Entrepreneur of year files for Michigan governor run

Jonathan Oosting, Detroit News Lansing Bureau

Lansing — Ann Arbor businessman Shri Thanedar is considering a run for Michigan governor, according to a filing with the state that could add a new wrinkle to the early race for the Democratic nomination in 2018.

Shri Thanedar

Thanedar, former CEO of Avomeen Analytical Services, was named 2016 Entrepreneur of the Year by multinational finance giant Ernst and Young and made local headlines in December for giving his employees a collective $1.5 million in holiday bonuses.

The India native submitted paperwork to the Michigan Secretary of State’s Office on April 5 that would allow him to raise funds for a gubernatorial campaign, but he has not yet announced any formal plans to seek the post.

Thanedar could not be reached Thursday, and the designated record keeper listed in his campaign finance filing said “we have no comment at this time.”

If he runs, Thanedar would join a growing Democratic field that includes former state Sen. Gretchen Whitmer, former Detroit health director Abdul El-Sayed and former Xerox executive Bill Cobbs. U.S. Rep. Dan Kildee, D-Flint Township, is also considering a run for governor.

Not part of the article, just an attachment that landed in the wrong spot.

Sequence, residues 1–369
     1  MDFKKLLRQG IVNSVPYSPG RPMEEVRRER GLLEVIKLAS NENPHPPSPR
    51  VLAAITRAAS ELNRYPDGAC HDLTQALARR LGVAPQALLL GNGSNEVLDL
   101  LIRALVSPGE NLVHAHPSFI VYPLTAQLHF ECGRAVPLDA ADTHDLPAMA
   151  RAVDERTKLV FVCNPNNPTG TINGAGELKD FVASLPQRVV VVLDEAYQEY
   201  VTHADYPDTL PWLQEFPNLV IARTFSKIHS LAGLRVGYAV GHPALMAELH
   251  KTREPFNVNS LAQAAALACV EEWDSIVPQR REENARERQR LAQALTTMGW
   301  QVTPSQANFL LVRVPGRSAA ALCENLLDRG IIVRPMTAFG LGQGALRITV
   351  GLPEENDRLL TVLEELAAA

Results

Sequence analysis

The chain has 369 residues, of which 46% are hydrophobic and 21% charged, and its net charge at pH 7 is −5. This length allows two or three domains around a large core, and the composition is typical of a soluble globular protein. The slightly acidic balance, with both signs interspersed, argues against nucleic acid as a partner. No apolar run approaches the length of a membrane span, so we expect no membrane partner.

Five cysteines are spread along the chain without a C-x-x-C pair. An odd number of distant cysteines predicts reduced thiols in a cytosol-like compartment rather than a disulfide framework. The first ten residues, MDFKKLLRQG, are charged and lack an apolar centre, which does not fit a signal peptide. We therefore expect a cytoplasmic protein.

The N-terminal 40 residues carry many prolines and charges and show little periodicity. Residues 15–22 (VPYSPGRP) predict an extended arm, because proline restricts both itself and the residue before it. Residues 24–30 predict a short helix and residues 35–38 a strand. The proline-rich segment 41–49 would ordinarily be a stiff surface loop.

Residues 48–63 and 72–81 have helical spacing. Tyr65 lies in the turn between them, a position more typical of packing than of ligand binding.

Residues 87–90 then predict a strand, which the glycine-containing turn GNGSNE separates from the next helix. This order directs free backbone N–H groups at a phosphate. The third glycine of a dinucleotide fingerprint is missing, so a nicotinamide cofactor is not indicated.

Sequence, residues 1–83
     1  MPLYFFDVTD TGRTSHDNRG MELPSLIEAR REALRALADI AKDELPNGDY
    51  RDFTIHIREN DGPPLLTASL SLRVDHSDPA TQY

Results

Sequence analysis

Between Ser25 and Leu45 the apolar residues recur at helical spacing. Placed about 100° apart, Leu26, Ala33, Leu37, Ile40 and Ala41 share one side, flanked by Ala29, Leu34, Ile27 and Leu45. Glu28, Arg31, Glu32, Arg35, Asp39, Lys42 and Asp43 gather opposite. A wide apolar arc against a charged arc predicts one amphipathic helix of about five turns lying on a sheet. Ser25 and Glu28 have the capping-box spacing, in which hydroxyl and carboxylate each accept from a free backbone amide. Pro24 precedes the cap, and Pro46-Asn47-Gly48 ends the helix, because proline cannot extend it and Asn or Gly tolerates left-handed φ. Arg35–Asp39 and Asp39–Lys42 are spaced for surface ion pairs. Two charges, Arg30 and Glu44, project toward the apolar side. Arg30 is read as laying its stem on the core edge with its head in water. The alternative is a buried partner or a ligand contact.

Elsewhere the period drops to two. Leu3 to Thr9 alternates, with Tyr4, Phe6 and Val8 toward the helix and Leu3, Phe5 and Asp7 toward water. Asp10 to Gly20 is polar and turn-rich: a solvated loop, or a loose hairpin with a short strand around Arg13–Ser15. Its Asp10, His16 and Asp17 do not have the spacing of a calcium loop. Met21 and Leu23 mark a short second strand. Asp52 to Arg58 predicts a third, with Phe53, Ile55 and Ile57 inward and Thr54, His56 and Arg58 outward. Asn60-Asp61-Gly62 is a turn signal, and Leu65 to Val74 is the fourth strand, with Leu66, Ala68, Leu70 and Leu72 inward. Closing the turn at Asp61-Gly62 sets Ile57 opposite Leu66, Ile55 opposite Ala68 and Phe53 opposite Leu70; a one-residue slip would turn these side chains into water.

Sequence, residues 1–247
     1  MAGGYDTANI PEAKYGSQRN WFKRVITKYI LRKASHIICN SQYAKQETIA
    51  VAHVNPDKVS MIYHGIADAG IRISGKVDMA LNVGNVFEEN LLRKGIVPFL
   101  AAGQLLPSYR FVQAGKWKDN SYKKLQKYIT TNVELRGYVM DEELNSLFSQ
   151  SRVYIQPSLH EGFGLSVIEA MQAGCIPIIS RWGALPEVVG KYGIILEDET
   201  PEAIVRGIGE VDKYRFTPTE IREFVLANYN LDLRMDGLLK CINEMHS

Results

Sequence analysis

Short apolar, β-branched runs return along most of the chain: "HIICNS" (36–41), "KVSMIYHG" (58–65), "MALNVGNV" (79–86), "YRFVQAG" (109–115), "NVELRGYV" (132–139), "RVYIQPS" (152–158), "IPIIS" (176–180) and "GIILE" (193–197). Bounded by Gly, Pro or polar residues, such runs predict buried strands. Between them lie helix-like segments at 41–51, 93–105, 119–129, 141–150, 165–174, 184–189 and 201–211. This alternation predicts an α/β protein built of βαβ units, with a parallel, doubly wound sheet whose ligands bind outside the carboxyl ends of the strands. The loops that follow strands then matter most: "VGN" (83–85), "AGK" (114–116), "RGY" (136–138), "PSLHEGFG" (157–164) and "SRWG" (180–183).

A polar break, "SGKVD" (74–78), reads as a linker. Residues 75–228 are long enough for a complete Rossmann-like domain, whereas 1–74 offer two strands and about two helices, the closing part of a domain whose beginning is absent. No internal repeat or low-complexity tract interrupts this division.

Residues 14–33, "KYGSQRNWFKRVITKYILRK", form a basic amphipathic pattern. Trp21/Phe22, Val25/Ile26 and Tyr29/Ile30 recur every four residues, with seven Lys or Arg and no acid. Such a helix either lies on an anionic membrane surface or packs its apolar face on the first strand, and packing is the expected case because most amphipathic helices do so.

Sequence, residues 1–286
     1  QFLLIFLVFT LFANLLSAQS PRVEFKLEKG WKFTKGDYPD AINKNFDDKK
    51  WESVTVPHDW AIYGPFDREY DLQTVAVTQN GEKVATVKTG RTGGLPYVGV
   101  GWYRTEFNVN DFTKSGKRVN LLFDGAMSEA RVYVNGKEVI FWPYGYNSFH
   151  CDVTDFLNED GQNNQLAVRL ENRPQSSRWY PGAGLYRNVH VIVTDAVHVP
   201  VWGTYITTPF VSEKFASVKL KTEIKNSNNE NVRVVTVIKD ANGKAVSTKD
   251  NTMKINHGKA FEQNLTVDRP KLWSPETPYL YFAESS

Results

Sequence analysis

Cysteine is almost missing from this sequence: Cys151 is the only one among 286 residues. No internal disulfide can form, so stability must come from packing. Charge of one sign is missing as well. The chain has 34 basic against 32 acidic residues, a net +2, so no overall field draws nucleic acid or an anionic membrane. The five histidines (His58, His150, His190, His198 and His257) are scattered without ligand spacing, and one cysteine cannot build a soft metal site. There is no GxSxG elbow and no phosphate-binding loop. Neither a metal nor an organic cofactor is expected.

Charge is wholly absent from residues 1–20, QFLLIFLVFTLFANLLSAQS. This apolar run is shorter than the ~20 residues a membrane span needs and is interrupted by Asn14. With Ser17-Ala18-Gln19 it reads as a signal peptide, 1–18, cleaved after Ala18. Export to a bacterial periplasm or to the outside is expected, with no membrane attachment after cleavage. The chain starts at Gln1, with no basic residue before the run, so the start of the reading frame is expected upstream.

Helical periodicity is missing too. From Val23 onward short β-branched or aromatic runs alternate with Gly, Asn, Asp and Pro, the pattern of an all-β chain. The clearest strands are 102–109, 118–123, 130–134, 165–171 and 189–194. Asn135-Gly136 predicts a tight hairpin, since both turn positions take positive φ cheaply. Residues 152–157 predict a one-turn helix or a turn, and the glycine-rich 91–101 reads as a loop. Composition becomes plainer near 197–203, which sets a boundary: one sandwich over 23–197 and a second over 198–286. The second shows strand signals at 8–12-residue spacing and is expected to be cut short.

Shri Thanedar meets Presidents Barack Obama and Bill Clinton.

On the Republican side, Attorney General Bill Schuette and Lt. Gov. Brian Calley are contemplating bids. Announced GOP candidates include Jim Hines, an obstetrician-gynecologist in Saginaw and president of the Christian Medical & Dental Associations.

Gov. Rick Snyder cannot seek re-election in 2018 under Michigan’s term-limits law. The race to replace him is shaping up to be a “toss-up” between Democrats and Republicans, according to initial “crystal ball” ratings released Thursday by the University of Virginia Center for Politics.

Thanedar made and lost a fortune in Missouri before moving to Michigan and finding new success. The St. Louis Post-Dispatch reported he bought and built up a chemical analysis firm there, eventually purchasing a Ferrari and constructing a 13,000-square-foot mansion.

But the Great Recession and financial industry crash hit his company and acquisitions hard, reportedly prompting a lender to take him to court, where a bankruptcy judge appointed a receiver to sell the business.

Thanedar founded Avomeen in 2010 in Ann Arbor, where his son had attended college at the University of Michigan. By 2015, it was pulling in $8.5 million a year in revenue, according to an Inc. Magazine ranking of the country’s fastest-growing private companies.

Thanedar sold a majority share in the company in December to High Street Capital of Chicago. Terms of the deal were not disclosed. Michigan native Mark Havrill took over as CEO of Avomeen in March, but High Street said Thanedar would remain on the company’s board of directors.

Michigan’s 2018 primary election, set for Aug. 7, is more than 15 months away.